INTRODUCTION TO THE POEM: The poem Israfel, was penned in an army encampment after Poe left college and was first published in the year 1831 in a collection titled Edgar. A. Poe. However, it was altered and amended to be published again in the August 1836 issue of the Southern Literary Messenger. The poem was originally written in eight stanzas of varied lengths and in an introduction to the poem, Poe explicates that he derives the legend of Israfel from the Koran of an angel who is blessed with a lute for a heart and who possesses “the sweetest voice of all God’s creatures”. In reality, although the name ‘Israfel’ is not principally mentioned in the Islamic holy texts, there is a constant reference to an unnamed trumpet-angel and it is probable that this figure is what inspired Poe to create the poem Israfel.
Central Idea of Israfel by Edgar Allan Poe
As mentioned earlier there could have been quite a few number of texts to draw inspiration for this poem and hence it is possible, that Poe had extracted this idea from George Sales Preliminary Discourse on the Koran. However, the name of the angel is not revealed in the holy texts and Israfel has simply been identified as the trumpet-angel suggested in the Koran. The central intention of the poem is to visualise the competition of a human voice to that of a supernatural entity and to declare the challenge to see who fares better. It is the pronouncement of an imposing mortal who believes his songs of woe and joy has more relevance in terms of passion than that of the lyre-hearted angel gifted with divine powers but no real experience of life. Basically, it reflects Poe’s own principles of poetry, which suggests that a truly inspired song has to have mortal relevance and rendition and it is not enough for a poem to just be beautiful in form and lyric lacking in any actual impact.
Themes of Israfel by Edgar Allan Poe
The poem Israfel has a very fundamental theme of Romanticism. According to the Romantics, art should always be an expression of nature and humanity and should appeal to the human heart in contrast to classical elegance. There is a strong suggestion of the individual in the poem Israfel, where the widely accepted traditional notion of music has been questioned by the refreshing realism of the poet. Poe has been successful in expressing many of these Romantic characteristics of artistic freedom in this poem. Also the symbols and motifs of the celestial bodies present the rich imagination of the poet, and creative imagination is crucial to the Romantic theme.
Themes of religion and spirituality can also be conceived from this poem. Poe depicts his own version of Heaven through this poem which is a balance between liveliness and composure of spiritual thoughts. It is important to note how Poe portrays his God solely as the emotion of Love and thereby does not distraught this image with the complications of general religion. His view of heaven is pure and free of human intricacies and the poet is also a little envious of the angel’s residence in such a stimulating environment where he is free to explore his music to his heart’s content.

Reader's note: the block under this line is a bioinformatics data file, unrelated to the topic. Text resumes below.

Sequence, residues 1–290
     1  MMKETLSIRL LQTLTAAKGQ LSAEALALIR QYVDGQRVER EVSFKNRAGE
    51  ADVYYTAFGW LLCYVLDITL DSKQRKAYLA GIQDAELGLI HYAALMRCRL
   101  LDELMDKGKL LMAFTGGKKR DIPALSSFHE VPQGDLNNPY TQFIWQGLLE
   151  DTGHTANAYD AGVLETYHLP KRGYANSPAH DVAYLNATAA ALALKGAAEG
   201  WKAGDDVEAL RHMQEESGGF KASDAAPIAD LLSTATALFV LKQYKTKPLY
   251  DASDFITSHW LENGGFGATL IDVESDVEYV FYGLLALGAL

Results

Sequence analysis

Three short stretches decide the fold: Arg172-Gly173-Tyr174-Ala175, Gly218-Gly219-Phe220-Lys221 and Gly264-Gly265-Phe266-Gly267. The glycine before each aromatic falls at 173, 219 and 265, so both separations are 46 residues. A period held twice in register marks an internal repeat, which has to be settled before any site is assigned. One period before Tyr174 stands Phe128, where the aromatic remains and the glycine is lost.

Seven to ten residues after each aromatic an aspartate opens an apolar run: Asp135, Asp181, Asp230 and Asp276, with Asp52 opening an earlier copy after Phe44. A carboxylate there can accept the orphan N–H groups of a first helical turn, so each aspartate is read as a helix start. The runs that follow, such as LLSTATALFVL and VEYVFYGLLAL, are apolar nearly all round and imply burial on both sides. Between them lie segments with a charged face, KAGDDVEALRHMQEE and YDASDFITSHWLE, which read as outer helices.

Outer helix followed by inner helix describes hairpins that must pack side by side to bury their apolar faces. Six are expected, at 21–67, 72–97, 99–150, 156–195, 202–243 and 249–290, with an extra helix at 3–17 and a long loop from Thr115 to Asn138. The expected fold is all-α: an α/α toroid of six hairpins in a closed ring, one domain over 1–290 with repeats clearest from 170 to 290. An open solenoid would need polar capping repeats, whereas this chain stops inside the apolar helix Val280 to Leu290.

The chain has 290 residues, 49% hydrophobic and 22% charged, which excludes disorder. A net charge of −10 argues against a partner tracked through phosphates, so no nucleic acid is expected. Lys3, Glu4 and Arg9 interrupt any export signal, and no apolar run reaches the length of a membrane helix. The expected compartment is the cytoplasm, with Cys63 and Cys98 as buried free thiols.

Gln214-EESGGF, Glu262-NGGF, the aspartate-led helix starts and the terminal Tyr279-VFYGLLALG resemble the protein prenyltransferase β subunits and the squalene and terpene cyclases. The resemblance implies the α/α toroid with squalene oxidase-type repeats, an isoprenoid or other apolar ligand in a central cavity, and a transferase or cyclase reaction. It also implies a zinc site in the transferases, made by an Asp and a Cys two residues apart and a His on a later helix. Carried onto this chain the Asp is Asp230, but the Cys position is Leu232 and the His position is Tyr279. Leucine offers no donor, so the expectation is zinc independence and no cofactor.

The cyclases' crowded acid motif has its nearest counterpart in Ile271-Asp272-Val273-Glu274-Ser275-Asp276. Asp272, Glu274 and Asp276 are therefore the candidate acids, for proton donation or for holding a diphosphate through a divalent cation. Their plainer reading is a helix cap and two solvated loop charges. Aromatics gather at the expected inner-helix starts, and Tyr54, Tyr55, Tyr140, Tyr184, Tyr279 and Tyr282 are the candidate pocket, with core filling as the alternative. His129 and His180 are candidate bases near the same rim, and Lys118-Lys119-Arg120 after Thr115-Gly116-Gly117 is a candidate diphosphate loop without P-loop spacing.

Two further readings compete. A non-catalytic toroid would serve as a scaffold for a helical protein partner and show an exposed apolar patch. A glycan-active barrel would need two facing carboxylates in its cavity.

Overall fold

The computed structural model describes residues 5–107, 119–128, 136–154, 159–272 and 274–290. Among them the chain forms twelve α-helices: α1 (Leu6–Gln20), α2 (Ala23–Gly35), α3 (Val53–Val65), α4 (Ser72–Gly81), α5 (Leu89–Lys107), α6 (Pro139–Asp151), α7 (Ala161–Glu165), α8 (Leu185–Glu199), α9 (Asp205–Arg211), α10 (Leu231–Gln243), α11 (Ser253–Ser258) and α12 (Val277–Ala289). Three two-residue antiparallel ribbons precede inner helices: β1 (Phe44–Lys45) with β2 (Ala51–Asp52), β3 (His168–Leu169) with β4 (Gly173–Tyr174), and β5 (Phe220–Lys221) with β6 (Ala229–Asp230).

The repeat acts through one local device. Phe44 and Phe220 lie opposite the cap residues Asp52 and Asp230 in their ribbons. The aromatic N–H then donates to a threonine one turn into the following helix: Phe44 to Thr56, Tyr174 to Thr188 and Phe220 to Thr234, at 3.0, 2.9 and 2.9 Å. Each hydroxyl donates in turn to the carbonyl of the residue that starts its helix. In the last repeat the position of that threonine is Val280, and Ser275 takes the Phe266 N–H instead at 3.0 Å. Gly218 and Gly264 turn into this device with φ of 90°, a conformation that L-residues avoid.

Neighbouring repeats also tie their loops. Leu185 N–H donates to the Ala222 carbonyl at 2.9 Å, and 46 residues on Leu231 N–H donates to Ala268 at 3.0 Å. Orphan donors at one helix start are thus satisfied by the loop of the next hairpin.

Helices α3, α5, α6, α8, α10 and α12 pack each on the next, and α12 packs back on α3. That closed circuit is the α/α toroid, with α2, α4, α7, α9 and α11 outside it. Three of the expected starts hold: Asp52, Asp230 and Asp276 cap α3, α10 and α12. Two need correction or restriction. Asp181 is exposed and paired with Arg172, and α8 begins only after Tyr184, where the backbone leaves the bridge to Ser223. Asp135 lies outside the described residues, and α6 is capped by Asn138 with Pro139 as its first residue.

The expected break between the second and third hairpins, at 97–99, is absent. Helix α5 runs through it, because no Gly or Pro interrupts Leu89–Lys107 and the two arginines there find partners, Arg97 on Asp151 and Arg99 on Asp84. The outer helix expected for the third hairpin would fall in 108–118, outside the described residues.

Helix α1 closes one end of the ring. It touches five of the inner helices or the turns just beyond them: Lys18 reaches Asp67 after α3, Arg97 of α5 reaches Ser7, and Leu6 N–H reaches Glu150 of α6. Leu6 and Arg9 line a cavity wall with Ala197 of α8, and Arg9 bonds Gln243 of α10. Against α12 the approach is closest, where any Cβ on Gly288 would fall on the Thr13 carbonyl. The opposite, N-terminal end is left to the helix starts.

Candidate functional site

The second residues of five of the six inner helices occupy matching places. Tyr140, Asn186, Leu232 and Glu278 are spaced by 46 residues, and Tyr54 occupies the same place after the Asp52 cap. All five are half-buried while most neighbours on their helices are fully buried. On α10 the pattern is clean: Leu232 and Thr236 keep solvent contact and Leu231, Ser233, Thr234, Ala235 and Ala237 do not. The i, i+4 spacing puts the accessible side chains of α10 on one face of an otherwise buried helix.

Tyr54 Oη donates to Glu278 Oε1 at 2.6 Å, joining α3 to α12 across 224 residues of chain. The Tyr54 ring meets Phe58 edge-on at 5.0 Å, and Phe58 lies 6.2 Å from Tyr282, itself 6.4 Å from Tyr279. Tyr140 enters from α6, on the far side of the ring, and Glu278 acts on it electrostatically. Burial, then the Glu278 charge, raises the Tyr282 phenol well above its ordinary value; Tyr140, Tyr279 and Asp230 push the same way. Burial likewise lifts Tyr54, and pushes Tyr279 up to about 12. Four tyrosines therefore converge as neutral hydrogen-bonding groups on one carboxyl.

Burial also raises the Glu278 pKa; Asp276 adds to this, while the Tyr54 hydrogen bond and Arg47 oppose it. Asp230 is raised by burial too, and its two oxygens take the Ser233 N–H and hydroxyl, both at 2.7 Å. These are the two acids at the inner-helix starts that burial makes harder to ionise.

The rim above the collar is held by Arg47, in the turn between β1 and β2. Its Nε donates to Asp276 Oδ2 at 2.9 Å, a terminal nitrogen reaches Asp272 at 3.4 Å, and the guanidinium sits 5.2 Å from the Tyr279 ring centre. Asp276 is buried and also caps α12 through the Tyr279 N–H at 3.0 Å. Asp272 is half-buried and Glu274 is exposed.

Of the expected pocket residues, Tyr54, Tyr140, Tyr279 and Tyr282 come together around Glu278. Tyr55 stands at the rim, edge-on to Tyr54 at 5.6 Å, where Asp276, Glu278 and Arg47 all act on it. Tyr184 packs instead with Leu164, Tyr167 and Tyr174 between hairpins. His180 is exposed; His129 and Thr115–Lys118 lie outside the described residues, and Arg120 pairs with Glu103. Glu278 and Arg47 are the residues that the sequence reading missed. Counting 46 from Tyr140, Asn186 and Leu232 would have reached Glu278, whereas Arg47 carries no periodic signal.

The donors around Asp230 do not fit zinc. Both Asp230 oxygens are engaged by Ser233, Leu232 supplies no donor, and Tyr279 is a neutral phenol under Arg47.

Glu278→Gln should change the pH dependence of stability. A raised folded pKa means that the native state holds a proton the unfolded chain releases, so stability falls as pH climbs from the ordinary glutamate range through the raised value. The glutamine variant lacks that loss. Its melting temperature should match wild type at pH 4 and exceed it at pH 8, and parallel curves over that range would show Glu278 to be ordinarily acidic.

The theme of ambition surfaces in the latter half of the poem and creates a whole new dimension. In a certain elusive manner, the talent of the angel irks the poet and he attempts to justify his competence with him. Not only, does the speaker in the poem wish to be as prosperous and appreciated as Israfel, he dreams to surpass him in musical excellence, if only he could exchange places with the angel.
Tone of Israfel by Edgar Allan Poe:
The poem Israfel is a triumphant positive statement of the powerful poetic decree, but along with this joyous celebration there lurks a tone of discontentment and rueful longing for the unattainable. The poem naturally assumes a spirited resonance but it goes through varied emotions and it is not a light-hearted poem in its entirety. In certain instances the tone of the poem is melodious and appreciative – “None sing so wildly well / As the angel Israfel”. But there are also occasions of doubt and internal conflict where he attempts to reason with the cause of this divine phenomena by stating – “That Israfeli’s fire / Is owing to that lyre”. At times the tone of the poem drastically shifts to that of remorse and longing – “If I could dwell / Where Israfel / Hath dwelt”. At last the poem towards the end gains the tone of confidence and strong will – “He might not sing so wildly well / A mortal melody / While a bolder note than this might swell / From my lyre within the sky”. Therefore, the tone of the poem attempts to maintain no uniformity because its serves as an outpouring of successive emotions.
Conclusion of the poem Israfel
The ideas which Poe put into Israfel require a special kind of treatment. The abstract principles of poetry that meant so much to him and had for him an almost personal existence would be presented only in the form of a genuine myth narrated in his own original imagination. Supernaturalism in Poe is usually a presentation of psychological horror or that of the occult. He moves out of his staple genre, and here it serves to exhibit the effects of the supernatural upon human conduct in a benevolent manner. The angel Israfel, in a way, inspires the poet to reach beyond his limited means and urges him on to create immortal art. This poem proves to us that reality of success does not merely consist of material objects perceptible to the senses, but also in the deeper passions and experiences of the soul, the fulfilment of which can only be contrived through artistic creativity.